Vancouver’s Wurldtech hackers keep infrastructure secure

wurldtech.jpgVancouver probably isn’t the first place people think of when the topic of computer security is mentioned, but that’s exactly what downtown firm Wurldtech does as it works with some of the biggest companies in the world. The company, founded in 2006, sprang out of a project the founders undertook for the United States Department of Defense to determine just how vulnerable American nuclear infrastructure was to cyber-attack. Their findings indicated there was a market demand for a company that could address industrial security issues.

“We all live in enterprise space. Infrastructure can make more money by connecting their closed systems to the net, but of course costs are lowballed which leads to vulnerabilities. We decided to come up with algorithms that generate exploits, so that we can see quantifiably what works and what doesn’t,” Wurldtech President and CEO R. Tyler Williams said. From there, the company has gone on to partner with Bell Canada to provide cybersecurity for the 2010 Olympics, and works with the leading names in the oil and gas and energy industries, amongst other infrastructure-heavy clients.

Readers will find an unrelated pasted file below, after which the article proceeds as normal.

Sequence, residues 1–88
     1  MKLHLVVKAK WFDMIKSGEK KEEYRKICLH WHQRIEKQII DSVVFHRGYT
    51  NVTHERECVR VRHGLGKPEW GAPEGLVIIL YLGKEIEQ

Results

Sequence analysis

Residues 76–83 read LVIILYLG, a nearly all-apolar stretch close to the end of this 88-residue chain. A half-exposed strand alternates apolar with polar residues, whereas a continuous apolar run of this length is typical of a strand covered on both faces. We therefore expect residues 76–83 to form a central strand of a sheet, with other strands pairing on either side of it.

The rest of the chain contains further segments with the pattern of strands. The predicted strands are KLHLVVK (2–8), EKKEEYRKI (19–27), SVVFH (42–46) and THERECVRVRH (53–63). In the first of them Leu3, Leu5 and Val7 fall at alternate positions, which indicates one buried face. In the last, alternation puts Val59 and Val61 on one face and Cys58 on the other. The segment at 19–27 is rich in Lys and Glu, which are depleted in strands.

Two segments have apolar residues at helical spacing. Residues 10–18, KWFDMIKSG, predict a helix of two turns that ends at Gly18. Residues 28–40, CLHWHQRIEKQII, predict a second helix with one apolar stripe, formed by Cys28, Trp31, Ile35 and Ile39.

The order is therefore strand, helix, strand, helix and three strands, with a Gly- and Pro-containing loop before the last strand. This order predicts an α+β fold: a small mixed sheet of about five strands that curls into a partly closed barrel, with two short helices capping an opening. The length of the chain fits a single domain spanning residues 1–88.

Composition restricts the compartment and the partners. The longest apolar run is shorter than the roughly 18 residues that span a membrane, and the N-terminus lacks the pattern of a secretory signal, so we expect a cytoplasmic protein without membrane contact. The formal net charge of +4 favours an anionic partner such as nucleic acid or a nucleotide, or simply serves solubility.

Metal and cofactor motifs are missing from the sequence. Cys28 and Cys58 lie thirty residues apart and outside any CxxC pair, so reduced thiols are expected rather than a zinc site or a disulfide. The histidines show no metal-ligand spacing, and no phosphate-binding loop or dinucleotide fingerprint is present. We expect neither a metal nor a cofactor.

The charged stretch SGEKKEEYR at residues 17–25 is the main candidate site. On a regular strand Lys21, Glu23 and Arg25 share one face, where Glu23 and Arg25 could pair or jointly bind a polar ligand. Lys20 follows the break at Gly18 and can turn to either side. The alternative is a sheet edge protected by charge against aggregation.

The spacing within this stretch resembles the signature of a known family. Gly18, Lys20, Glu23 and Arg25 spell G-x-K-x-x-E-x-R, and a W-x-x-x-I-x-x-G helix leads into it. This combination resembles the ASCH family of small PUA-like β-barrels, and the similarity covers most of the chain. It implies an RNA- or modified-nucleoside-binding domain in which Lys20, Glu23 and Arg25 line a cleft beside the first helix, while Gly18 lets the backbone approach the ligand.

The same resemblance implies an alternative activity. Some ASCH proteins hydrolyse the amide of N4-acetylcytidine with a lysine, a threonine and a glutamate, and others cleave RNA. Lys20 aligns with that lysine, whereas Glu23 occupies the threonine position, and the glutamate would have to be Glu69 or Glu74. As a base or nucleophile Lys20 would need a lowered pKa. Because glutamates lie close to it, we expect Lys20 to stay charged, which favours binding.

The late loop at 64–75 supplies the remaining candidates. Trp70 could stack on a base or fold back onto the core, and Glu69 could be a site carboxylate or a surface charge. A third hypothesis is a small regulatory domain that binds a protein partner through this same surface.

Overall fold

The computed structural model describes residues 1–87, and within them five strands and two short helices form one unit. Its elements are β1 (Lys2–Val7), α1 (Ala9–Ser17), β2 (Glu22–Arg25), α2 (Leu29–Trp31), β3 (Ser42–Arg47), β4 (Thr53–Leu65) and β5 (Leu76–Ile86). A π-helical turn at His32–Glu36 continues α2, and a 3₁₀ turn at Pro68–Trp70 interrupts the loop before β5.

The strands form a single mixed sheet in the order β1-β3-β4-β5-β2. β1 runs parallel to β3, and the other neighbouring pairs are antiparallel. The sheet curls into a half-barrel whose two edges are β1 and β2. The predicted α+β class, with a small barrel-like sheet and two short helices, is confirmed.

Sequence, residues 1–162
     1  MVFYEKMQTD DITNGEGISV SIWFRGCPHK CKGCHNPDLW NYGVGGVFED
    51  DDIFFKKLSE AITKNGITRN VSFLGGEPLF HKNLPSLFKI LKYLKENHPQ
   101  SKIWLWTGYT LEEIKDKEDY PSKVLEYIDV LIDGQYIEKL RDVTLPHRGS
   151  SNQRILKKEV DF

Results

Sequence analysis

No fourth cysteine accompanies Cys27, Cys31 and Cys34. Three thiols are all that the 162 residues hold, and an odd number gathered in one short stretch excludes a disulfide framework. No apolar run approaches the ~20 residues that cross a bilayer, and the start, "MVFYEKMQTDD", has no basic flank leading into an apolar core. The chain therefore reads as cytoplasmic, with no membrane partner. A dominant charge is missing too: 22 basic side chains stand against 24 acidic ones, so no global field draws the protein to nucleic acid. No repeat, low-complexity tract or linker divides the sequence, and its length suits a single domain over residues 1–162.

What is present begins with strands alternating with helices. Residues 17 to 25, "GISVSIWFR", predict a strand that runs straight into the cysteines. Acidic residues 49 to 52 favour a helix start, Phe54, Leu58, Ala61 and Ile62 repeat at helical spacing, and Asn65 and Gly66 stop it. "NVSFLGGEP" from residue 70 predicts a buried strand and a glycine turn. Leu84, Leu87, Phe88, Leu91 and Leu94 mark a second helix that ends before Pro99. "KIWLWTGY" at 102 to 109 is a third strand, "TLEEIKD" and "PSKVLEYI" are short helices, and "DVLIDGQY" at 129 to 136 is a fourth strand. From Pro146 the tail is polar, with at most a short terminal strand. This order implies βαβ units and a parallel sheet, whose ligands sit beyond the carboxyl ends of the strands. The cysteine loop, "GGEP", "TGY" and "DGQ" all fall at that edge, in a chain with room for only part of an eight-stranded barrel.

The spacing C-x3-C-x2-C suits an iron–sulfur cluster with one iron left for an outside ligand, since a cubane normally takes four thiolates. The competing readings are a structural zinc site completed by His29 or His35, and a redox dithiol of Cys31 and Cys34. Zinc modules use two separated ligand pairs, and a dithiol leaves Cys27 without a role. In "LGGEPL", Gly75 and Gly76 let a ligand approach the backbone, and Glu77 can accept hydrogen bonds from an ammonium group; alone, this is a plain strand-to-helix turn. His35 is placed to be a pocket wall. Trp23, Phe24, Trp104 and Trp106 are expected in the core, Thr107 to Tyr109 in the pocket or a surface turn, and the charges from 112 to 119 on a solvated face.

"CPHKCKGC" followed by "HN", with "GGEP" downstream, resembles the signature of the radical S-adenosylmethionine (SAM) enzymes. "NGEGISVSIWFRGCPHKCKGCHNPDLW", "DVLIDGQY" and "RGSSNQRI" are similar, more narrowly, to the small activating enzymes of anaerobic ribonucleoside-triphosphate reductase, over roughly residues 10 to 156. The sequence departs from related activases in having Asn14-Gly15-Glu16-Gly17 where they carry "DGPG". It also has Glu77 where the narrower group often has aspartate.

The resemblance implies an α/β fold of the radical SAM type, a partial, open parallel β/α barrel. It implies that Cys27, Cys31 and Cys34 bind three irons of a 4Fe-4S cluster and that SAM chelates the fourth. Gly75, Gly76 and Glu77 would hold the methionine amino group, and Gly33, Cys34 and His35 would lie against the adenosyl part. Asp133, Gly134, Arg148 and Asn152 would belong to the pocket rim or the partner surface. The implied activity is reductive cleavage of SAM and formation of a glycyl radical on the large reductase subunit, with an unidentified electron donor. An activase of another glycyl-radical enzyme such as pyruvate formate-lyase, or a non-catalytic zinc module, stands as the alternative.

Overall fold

Williams refers to his small staff as some of the best security experts in the world, and noted the toughest part of running Wurldtech is finding people with the right set of skills and drive the job demands.

“We’ve got 15 to 20 of the world’s best hackers here. Our guys have a different take on life than the average Vancouverite, in that they actually enjoy spending 24 hours in front of a computer figuring out a security problem,” Williams said.

The company is “a bunch of white-hat hackers in corporate garb,” he added, and said people who work for Wurldtech have no set hours, and instead simply have a set of deliverables they have to reach within a weekly period.

Williams said going through the venture capital process is tough but serves as a vital way to improve your business plan. VCs have no qualms about shooting holes into a plan they may or may not invest in, and he said listening to their criticism made him hone his plan to the point where it was able to gain funding. He added the company has no plans to go public.

“Companies go public for two reasons, to raise money or so the management can exit. We don’t want to exit and we’d rather see our employees buy their first house. Nobody is here to flip the company,” he said.